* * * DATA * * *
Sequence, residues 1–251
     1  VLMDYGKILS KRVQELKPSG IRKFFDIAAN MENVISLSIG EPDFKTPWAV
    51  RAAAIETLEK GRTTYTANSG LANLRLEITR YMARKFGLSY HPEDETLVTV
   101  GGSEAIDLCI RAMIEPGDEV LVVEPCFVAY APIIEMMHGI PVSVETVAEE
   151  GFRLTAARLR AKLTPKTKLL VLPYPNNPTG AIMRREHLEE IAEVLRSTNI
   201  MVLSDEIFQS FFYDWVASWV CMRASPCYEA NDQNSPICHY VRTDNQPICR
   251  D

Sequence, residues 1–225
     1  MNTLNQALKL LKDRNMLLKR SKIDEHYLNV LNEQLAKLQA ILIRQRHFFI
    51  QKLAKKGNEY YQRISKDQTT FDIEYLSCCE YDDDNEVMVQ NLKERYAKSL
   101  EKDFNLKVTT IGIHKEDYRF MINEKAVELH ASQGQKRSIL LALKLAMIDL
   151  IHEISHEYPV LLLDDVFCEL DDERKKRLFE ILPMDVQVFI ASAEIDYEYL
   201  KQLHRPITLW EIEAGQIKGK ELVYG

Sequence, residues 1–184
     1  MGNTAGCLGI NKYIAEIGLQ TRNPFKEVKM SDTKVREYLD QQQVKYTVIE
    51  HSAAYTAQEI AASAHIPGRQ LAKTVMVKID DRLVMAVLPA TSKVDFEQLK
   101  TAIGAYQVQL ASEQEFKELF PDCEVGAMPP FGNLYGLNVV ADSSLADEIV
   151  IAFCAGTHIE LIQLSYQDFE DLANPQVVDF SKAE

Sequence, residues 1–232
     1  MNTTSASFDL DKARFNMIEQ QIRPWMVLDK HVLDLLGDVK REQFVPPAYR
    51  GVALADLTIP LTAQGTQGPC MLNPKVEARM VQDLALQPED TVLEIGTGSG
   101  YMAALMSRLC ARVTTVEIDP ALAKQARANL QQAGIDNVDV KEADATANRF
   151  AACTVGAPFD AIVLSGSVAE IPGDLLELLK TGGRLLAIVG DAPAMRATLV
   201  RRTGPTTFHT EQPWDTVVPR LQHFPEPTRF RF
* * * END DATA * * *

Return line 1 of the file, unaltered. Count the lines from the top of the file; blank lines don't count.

Sequence, residues 1–251